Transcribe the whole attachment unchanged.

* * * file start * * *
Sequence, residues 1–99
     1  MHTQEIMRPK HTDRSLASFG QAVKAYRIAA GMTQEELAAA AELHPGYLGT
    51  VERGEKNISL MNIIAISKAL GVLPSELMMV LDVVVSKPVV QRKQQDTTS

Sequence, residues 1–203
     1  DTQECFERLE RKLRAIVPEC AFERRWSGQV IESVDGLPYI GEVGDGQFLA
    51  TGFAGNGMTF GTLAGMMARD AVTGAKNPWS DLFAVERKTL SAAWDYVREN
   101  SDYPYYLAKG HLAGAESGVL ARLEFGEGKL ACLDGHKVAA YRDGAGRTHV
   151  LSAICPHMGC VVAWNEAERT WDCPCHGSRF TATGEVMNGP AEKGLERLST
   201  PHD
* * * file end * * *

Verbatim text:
Sequence, residues 1–99
     1  MHTQEIMRPK HTDRSLASFG QAVKAYRIAA GMTQEELAAA AELHPGYLGT
    51  VERGEKNISL MNIIAISKAL GVLPSELMMV LDVVVSKPVV QRKQQDTTS

Sequence, residues 1–203
     1  DTQECFERLE RKLRAIVPEC AFERRWSGQV IESVDGLPYI GEVGDGQFLA
    51  TGFAGNGMTF GTLAGMMARD AVTGAKNPWS DLFAVERKTL SAAWDYVREN
   101  SDYPYYLAKG HLAGAESGVL ARLEFGEGKL ACLDGHKVAA YRDGAGRTHV
   151  LSAICPHMGC VVAWNEAERT WDCPCHGSRF TATGEVMNGP AEKGLERLST
   201  PHD